From the official side, tsar Nicholas I (like Putin) could not understand what was happening. Nicholas was so perplexed that while harshly punishing the Decembrists, he (unlike Putin) had jailhouse conversations with several of them in order to understand their motivations. But like Putin, Nicholas’ world view prevented him from seeing that society was changing. He responded with the official slogan “Orthodoxy, Autocracy, and Nationality,” a conservative statement that, by the way, Putin could embrace. Instead of understanding the changes around them, both rulers quickly deployed punitive state power against the ringleaders. Since society was basically sound as it was, one could nip change in the bud simply by decapitating it, right?
It seemed that nothing came of the 1825 revolt. Disappointed observers ridiculed the dilettante noble demonstrators for being unable to transform their opposition into a real revolution: They had no mass support. They were poor planners and organizers. Some of them even overslept or got lost that day and missed the action altogether. In the long run, however, seeds had been planted. The poor, marginalized and imprisoned Decembrists of 1825 would inspire later generations of Russian reformers and revolutionaries of all stripes who gradually attracted broader social support and who eventually brought down the monarchy in 1917. Reformers and revolutionaries would later glorify the memory of the hapless Decembrists as forerunners who planted the seeds of change but could not live to see their flowering.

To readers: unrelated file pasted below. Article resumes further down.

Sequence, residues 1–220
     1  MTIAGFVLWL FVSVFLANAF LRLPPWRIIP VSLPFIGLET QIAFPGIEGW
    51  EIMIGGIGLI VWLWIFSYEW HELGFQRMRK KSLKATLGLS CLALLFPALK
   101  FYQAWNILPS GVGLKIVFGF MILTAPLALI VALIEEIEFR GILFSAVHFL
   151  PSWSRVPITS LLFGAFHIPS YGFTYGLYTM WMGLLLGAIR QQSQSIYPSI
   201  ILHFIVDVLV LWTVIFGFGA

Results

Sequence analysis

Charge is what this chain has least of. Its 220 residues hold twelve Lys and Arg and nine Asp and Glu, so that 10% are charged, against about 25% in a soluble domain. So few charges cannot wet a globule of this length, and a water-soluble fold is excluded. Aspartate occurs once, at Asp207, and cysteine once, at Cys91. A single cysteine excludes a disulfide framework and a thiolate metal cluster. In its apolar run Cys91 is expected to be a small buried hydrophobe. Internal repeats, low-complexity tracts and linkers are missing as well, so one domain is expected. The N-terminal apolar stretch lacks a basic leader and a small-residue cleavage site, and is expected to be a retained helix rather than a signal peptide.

Today’s protesters are also ridiculed and belittled, especially by leftists both in Russia and the west, for not becoming more. But in the long view (which we historians are trained to take) change in Russia has always come very slowly, and one wonders if in a future Russia people will not look back at the Bolotnaia and even Pussy Riot demonstrators as the beginnings of something big, something that took a while to mature. Even if we scoff at their lost potential, let us also not forget that these recent demonstrations for democracy were unprecedented in their scale. They dwarf the Soviet dissident movement of the 1970s and 1980s which, as it turned out, planted much smaller seeds.
Both Nicholas I and Putin represent an old Russian tradition whereby the monarchy doggedly refused to understand or compromise with change. Nicholas’ unbending obsolete vision and inflexibility would do much to radicalize later Russian reformers. Like him, his great-grandson Nicholas II would also be inherently unable to understand the forces for social change around him, and he and the monarchy were eventually swept away by the 1917 revolutions. Nicholas I, Nicholas II, Brezhnev and Putin just didn’t get it. They were constitutionally unable to understand society and how it changes.
They all had silent majorities behind them at one point. Today, some 65% of the population supports Putin, compared with 1% for demonstration leader Navalny. But the long clocks of change were and are ticking, even if few notice at the time. Today it seems that Putin has an unchallenged upper hand and has never been stronger. On the other hand, the Bolotnaia protesters, Pussy Riot women, and possibly leaders like Navalny seem to be fading into obscurity, oblivion and prison. But in the future, the historical results of today’s impotent protests and Putin’s reaction to them could look very different.
It is possible that Russian strongman monarchy is built into Russian political culture. But it is just as possible that its days are numbered. Polling support for Putin is inversely proportional to educational levels, which are broadly rising. These protesters may mark something big, something ultimately decisive. Putin’s clock is ticking, but he has inherited the deafness of all Russian monarchs. And even if he could hear the ticks he wouldn’t know what to do about them.
J. Arch Getty is Professor of History at UCLA. He is the author of several books on Russian history, including Practicing Stalinism: Boyars, Bolsheviks and the Persistence of Tradition, (Yale University Press, 2013) will be published in July.
By Sean — 11 years ago